Since the beginning of the pandemic, the Government have worked closely with local authorities, charities and health providers to offer accommodation to as many rough sleepers as possible in order to help them stay safe during the pandemic.
We have asked all local authorities to provide information on the number of individuals they have accommodated. The information provided is management information, not official statistics, and local authorities continue to hold the most recent information.
This information submitted shows that since the start of the pandemic, local authorities have accommodated 14,610 people. This includes people coming in directly from the streets, people previously housed in shared night shelters and people who have become vulnerable to rough sleeping during the pandemic.
This is a truly remarkable achievement and has been possible because of an incredible effort by the Government, local authorities and charities.
In order to be transparent, we have today published the management information received from local authorities which provides a breakdown of this figure both inside and outside of London.
This number should not be compared to the official autumn annual snapshot of rough sleeping numbers because the data sets are not comparable. A significant proportion of the 15,000 people accommodated were not rough sleepers but have been housed in order to prevent any risk of them sleeping rough during the pandemic. The work local authorities have undertaken during the pandemic has assisted many who were sleeping rough or living in accommodation where they share sleeping spaces, for example in hostels or night shelters, where they would not be able to fully self-isolate. Local authorities have also housed those at risk of rough sleeping, or who have presented to local authorities as at risk of sleeping rough throughout this pandemic.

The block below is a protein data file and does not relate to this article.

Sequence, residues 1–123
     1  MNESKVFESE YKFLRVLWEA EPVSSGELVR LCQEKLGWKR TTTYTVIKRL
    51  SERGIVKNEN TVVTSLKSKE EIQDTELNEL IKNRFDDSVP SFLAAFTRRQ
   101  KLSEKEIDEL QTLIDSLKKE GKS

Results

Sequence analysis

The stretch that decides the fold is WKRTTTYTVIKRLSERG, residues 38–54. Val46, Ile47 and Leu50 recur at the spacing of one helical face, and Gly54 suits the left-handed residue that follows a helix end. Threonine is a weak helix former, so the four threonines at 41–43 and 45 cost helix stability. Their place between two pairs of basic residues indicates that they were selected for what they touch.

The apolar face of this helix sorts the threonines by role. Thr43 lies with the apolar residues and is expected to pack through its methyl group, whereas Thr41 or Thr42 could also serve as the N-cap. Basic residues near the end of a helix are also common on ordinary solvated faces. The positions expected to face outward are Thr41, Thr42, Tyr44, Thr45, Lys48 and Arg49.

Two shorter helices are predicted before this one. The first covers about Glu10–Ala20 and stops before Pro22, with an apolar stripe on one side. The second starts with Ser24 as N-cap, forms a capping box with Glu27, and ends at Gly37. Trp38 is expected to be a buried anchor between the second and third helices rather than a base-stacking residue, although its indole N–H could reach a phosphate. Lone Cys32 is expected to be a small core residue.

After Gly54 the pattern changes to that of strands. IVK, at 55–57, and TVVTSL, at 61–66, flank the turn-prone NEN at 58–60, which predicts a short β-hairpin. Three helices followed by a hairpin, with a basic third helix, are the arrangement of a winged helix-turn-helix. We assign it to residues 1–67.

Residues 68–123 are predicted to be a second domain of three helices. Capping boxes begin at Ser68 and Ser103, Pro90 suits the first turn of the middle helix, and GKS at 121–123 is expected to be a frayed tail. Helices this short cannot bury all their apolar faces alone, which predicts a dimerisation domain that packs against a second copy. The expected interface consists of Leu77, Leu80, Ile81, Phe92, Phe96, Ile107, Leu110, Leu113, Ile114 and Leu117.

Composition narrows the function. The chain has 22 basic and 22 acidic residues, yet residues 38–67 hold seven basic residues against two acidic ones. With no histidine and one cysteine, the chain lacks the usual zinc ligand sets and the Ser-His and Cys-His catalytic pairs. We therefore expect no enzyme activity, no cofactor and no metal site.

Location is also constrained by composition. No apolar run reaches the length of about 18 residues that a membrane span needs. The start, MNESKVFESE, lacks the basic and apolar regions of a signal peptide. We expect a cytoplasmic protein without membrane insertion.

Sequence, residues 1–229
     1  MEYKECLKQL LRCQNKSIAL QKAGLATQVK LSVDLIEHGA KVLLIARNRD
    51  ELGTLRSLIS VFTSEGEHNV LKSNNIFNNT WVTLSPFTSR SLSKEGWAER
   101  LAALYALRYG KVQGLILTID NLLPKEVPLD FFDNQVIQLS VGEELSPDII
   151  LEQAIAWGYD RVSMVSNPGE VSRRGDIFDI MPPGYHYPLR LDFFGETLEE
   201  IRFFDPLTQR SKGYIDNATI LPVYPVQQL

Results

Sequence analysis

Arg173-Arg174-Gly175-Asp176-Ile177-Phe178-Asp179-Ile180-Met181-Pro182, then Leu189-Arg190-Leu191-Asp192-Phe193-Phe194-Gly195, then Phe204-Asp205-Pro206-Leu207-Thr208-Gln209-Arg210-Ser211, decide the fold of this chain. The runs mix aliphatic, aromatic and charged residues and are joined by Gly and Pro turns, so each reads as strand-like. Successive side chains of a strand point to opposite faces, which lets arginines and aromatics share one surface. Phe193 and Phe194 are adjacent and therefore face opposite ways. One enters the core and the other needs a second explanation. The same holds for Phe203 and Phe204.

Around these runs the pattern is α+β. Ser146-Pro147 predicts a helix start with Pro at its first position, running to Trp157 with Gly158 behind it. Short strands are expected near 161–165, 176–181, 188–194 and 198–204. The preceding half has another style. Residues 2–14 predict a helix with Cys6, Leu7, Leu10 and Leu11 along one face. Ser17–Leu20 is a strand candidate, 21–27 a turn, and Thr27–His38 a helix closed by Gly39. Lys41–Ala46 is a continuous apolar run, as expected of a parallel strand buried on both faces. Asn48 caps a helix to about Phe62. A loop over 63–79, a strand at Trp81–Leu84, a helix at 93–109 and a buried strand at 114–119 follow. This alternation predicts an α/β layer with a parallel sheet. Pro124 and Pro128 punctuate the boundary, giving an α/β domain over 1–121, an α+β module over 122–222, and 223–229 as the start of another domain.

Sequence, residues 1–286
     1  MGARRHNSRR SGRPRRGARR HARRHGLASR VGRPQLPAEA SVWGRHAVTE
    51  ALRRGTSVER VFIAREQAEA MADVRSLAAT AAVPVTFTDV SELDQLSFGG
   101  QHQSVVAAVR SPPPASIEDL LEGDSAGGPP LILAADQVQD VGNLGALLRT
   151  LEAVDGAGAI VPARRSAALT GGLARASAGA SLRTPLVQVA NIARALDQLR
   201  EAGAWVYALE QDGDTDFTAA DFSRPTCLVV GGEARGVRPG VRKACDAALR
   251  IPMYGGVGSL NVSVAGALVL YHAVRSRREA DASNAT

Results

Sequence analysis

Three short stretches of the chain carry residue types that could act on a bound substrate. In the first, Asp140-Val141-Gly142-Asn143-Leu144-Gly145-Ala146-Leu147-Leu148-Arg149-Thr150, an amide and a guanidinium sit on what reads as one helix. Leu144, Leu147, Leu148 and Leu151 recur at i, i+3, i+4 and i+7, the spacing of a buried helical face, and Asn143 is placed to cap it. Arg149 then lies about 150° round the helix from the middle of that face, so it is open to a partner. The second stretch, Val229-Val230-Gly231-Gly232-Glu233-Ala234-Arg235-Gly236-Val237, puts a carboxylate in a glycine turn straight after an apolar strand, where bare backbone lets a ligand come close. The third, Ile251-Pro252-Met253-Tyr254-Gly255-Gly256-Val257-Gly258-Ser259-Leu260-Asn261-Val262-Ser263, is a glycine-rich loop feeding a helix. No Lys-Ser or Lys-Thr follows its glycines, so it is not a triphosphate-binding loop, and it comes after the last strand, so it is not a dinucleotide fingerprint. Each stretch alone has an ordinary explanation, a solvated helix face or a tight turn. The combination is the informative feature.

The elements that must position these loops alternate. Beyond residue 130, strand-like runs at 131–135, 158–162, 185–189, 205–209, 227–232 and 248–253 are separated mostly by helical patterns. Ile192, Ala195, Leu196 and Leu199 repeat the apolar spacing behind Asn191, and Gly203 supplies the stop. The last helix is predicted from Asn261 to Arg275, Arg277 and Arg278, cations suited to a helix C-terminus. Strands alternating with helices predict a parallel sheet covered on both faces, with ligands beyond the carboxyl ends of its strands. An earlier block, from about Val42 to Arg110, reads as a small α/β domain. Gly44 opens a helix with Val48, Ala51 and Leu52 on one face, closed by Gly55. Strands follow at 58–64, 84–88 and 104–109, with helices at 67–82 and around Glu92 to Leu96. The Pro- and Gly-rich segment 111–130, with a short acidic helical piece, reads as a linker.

The Government have supported this vital work with £3.2 million emergency funding as an initial first step, followed by funding totalling £3.2 billion to local authorities to allow them to meet local need during the pandemic, including protecting the most vulnerable and rough sleepers.
We have also announced a further £433 million to provide 6,000 long-term, safe homes to support thousands of rough sleepers currently housed in emergency accommodation move on to more sustainable accommodation.
The Government are now supporting local authorities on their next steps plans to ensure accommodation arrangements can continue to be managed safely to protect the most vulnerable, assessing individuals’ needs in order to ensure as few people as possible return to the streets. We have asked Dame Louise Casey to spearhead this work through a new covid-19 Rough Sleeping Taskforce.